The Story of Wild Rice -- Mahnoomin

Mahnoomin (Mah-no-min) means Wild rice in Anishinaabemowin. "Mah" is a contraction for Manido, the Spirit Giver.  "Min" means seed.  Mahnoomin gave its name to the Manoominike, or moon (month) of harvest.  Wild rice was and is the most important food in the Great Lakes region for traditional people. Manoomin grows as reeds about 8-12 feet tall in water about 3-8 feet deep in Wisconsin, Minnesota, and marshes north of the Great Lakes. There are thousands of different varieties, each growing in its own particular niche of depth, temperature, mud, water quality. Wild rice is sensitive to  environmental conditions. 

Women of the tribe went into the rice field lakes a few weeks before harvesting to tie the rice reed heads into tight sheaves of narrow bundles with basswood twine.  The twine was in a big ball in a tray behind the woman. It ran over her shoulder in a little leather loop. She pulled the still-unripe heads together and wound and tied them (mamaawashkaawipidoon). The grains from tied rice wouldn't fall in the water. It could be cut off later in the winter, and shaken out. Those grains took a longer time to cook, but they were very special, they say. It took several days for women to tie up lots of sheaves. No one does this any more.

BAWA'AM -- Knocking the rice

Ricing (mahnoomin ikayng) now is still done in canoes, wiigwaasejimahnug. Well the wiigwaas- (birchbark) part isn't true anymore, they're aluminum now. Poling through the thick, tall reeds of a rice field on a zahgaigun (lake) is hard work; men usually do it. You can't paddle through these thick reeds, a long pole called gahndakeeigunahk is used. The woman sits in the stern as he pushes ahead. She uses bahwaigunahkoog -- 2 long sticks called knockers -- to knock ripe grains into the canoe while leaving some to shatter later and re-seed.

You sweep the right knocker over some rice reeds and bend it into the canoe. You hit the heads sharply with the left knocker, and the ripest grains fall out, then you let the reeds spring back up. Then you do it the other way on the other side, and you keep on doing this one arm, the other arm, till the whole canoe is pretty full. How fast it's gathered depends on how thickly the rice grows, and how ripe it is. It can take anywhere from 2 hours to most of the day to fill a canoe. Nobody goes out twice in one day, but the whole bed will be riced-over maybe half-a-dozen times, as grains in the heads continue to ripen. (Of course you don't take it all, you leave some to re-seed and some for the birds.)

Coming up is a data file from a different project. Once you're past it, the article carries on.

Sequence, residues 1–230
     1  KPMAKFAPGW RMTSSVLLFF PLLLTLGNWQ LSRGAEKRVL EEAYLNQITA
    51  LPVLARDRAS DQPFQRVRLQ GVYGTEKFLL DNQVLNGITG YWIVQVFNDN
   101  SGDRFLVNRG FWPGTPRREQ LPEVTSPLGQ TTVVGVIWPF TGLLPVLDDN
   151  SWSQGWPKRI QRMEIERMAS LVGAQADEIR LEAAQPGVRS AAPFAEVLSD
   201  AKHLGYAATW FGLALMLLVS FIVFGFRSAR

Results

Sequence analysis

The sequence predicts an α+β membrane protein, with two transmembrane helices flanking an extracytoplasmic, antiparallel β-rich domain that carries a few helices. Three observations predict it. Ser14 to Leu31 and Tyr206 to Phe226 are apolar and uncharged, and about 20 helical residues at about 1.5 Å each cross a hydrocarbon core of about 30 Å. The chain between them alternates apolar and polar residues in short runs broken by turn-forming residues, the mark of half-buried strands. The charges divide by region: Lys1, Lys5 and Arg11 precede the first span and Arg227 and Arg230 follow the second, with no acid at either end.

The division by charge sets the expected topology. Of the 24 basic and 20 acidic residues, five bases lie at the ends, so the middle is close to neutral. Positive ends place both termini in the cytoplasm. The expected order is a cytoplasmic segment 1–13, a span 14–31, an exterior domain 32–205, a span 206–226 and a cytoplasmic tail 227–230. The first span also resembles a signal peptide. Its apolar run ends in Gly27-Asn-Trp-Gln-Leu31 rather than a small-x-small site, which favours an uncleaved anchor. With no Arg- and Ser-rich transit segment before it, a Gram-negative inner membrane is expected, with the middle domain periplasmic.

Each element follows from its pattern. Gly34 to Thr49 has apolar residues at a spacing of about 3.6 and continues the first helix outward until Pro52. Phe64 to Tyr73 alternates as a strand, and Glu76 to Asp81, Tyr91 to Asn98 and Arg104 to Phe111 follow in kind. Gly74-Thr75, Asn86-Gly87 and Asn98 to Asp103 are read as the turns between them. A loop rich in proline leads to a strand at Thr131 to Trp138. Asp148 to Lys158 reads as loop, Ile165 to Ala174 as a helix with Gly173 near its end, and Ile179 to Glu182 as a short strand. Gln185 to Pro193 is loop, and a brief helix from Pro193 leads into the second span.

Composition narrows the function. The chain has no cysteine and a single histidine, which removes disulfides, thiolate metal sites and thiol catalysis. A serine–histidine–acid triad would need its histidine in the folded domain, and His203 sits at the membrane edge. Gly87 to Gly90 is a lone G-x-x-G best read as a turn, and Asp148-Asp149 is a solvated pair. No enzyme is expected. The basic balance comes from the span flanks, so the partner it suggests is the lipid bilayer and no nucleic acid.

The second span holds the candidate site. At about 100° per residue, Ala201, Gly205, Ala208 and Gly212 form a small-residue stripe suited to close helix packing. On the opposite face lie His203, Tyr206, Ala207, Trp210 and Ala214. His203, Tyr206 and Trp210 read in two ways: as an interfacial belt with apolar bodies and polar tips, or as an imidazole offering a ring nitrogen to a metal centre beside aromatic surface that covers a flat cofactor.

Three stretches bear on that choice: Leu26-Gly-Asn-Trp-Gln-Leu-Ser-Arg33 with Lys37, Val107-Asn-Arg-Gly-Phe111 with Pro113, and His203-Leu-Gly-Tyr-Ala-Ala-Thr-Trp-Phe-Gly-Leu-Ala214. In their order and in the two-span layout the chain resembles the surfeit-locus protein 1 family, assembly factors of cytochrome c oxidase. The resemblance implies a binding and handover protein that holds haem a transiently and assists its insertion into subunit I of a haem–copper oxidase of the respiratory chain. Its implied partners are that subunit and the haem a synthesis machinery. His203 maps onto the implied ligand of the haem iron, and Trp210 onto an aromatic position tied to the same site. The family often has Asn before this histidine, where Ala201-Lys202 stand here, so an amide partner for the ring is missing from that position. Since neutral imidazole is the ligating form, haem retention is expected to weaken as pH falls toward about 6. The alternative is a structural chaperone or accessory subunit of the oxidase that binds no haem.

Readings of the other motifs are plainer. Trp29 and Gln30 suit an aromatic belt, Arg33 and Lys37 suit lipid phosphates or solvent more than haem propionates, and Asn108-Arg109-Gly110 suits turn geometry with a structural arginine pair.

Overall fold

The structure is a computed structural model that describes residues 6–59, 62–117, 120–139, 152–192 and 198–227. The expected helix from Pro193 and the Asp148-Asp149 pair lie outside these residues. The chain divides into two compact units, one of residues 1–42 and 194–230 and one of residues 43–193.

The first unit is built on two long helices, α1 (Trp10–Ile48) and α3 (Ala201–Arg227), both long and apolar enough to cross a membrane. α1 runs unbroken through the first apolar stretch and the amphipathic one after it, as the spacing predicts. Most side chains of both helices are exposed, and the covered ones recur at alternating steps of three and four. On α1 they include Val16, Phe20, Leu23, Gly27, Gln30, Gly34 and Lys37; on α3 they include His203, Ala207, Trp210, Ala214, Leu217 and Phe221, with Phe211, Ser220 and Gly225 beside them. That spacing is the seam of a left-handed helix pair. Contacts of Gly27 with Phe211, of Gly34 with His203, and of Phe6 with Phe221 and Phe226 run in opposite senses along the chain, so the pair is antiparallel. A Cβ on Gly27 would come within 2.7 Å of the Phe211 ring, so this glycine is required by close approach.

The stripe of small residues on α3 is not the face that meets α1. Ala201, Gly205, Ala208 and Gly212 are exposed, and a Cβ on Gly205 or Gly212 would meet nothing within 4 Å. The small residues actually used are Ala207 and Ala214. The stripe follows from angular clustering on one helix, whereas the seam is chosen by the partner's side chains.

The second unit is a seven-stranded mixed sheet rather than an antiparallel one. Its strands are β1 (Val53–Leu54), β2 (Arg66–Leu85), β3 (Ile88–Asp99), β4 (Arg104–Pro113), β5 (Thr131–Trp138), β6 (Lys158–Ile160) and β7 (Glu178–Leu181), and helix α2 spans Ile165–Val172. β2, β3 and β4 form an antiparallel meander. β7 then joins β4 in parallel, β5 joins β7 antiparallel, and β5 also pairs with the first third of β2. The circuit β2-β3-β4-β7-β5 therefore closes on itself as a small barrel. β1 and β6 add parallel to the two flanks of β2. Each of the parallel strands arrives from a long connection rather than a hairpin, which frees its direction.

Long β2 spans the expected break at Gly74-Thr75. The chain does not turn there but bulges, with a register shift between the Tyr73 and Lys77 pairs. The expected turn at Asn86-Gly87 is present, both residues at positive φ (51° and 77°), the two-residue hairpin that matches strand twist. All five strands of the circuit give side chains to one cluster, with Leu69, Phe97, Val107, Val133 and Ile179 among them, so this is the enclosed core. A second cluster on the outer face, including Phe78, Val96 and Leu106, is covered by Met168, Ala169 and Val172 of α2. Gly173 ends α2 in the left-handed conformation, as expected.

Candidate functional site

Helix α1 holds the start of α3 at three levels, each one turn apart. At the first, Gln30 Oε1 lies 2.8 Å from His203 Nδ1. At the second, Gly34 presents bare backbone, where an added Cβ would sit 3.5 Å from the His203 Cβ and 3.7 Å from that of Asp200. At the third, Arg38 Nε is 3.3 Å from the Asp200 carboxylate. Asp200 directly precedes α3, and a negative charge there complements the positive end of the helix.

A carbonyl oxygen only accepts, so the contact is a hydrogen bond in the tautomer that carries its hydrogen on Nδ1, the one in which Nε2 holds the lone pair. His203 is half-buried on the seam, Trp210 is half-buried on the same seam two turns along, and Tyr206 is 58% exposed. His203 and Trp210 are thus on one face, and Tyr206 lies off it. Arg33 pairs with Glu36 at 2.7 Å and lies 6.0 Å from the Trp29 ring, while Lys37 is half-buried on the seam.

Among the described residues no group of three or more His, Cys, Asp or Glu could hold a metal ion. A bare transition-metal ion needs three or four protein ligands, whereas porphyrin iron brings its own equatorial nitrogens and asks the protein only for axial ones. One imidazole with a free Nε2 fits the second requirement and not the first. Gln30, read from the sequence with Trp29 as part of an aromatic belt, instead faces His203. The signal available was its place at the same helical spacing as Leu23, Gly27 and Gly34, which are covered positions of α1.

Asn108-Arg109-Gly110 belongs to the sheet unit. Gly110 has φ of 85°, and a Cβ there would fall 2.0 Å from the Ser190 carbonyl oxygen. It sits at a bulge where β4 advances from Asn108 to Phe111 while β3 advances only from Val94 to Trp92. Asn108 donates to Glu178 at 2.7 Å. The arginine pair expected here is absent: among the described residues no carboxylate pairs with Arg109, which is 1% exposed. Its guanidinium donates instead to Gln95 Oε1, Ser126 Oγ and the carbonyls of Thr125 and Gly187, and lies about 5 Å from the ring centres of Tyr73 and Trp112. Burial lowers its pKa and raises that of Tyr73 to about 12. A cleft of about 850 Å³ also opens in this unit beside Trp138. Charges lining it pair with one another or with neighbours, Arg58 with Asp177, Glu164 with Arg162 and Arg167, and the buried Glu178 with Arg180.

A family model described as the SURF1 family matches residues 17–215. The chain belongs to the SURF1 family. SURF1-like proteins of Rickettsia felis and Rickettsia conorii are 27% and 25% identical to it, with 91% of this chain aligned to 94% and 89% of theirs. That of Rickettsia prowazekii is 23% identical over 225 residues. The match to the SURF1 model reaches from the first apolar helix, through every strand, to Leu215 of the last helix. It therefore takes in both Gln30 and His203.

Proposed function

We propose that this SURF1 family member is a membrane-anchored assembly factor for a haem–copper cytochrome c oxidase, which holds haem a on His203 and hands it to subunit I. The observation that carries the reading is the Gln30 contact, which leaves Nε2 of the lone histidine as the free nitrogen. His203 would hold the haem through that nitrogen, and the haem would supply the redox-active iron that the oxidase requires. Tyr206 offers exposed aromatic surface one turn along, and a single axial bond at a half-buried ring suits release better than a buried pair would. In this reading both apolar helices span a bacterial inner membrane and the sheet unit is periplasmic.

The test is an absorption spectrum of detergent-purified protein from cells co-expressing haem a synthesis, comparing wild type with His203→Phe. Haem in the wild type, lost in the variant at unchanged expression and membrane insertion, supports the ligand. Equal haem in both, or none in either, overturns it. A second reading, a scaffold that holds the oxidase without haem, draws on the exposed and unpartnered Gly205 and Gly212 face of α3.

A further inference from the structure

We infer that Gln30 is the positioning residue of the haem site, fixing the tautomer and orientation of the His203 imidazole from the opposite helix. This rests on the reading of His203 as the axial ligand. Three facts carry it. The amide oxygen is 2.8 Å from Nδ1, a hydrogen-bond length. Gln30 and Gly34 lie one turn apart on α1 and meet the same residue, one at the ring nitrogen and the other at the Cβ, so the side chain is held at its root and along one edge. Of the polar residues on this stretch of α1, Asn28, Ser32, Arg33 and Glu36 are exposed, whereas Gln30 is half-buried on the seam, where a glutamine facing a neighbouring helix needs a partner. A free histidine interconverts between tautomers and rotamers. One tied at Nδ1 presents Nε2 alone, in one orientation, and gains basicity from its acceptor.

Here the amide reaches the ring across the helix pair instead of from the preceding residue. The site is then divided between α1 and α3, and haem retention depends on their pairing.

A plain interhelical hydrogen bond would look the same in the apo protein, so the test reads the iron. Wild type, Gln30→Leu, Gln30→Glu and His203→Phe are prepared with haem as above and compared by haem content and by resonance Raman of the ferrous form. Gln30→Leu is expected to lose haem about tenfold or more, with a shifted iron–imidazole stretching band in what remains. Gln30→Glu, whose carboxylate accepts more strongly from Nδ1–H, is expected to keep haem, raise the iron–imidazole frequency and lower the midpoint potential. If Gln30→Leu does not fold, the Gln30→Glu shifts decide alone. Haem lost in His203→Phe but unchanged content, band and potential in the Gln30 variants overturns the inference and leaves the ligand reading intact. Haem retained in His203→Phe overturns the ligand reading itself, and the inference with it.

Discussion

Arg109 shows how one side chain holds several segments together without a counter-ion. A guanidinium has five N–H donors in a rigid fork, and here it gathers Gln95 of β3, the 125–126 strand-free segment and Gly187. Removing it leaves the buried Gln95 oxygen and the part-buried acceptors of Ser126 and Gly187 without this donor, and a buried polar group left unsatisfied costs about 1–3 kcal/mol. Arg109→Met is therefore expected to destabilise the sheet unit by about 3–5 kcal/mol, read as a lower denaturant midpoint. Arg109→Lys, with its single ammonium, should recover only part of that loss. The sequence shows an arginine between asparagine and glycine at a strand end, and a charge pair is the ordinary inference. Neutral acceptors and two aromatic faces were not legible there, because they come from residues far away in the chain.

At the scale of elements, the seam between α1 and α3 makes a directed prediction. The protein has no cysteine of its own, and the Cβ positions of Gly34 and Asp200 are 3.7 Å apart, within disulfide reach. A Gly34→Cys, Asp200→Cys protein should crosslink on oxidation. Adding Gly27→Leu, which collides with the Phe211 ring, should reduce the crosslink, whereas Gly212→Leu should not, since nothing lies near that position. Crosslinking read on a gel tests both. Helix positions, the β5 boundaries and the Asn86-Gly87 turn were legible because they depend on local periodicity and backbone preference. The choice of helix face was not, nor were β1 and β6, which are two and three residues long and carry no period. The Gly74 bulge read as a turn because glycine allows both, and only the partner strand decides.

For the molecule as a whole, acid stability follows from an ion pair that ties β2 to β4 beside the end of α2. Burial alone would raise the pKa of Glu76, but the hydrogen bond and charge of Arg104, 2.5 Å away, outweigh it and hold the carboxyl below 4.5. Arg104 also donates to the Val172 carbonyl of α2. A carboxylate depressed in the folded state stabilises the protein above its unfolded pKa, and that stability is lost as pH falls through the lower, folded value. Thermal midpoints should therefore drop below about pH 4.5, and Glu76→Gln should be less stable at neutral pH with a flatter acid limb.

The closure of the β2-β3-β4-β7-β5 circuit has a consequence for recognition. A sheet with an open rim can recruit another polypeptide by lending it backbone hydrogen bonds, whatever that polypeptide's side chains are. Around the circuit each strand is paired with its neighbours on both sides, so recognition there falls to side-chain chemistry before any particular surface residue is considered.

The aim is to keep the long, pointed seeds as unbroken as possible, while threshing it with the knockers, something never true of commercial wild rice. In the old days, if anyone was careless and broke up the grains, pulled off the whole heads or squashed down the reeds, they were asked to leave the lake by the elders. This is not respectful to the rice and the Manido.  

BAASAN -- Drying, Parching, Winnowing

Traditional people follow the old ways as nearly as possible the first day at least. Some people go sneaky and get some birds. Others build a drying rack from green branches and cover its shelves with dried grass, with a slow fire under it. A lot of the first rice is dried quickly that way, the rest is spread on big canvases in part-sun part-shade to dry more slowly. Then a washtub of dried rice is parched (giidasigun) to loosen the husks. You put in about about 2 bucketfulls from the drying rack, and tilt the tub to a fire. It's stirred constantly with a flat paddle (uhbwi) for about an hour. This parching loosens the husks and gives it a nice flavor when boiled. Young girls usually stir (mamaajii) it and are careful not to get lazy and burn it.

BOOTAAGAADAN -- Milling and Treading

The rice is then pounded. This is done in a kind of barrel with slanting sides called a bootaagan and long-handled poles whose thick ends are kind of pointed. They are sanded very smooth after carving. The pole is lifted up high, then just dropped down along the slanting sides of the bootaagan, so it jostles off the husks without breaking up the grain -- it isn't really pounding. Then the bootaagan is emptied onto big birch-bark trays and winnowed by tossing in a light breeze, which blows away chaff, while the heavier grains fall back onto the trays (nooshkaatoon mahnoomin). Experienced older women usually do this, it's harder than it looks -- judging the wind, the twist of the toss. Different people take turns, 3 or 4 of them at a time lifting and dropping the heavy poles as the bootaagan is refilled again and again with rice that's been parched.

Winnowed rice still has a few pieces of inner husk sticking to it. These are good to eat, too, so to be really traditional, men "jig" this rice to separate the fine edible chaff (mazaanens) for a different kind of food (mixed into little patties and fried, or served as a mush). A barrel (makakosag) lined with deer hide is sunk 2/3 into the ground and 2 thick branches are arranged nearby as holds for the man who gets in the barrel with new deerskin boots on and dances up and down to break away those little inner husks without breaking up the rice (mimigoshkam). That's hard work, because the whole weight should never come on the rice. He has to dance fast and light.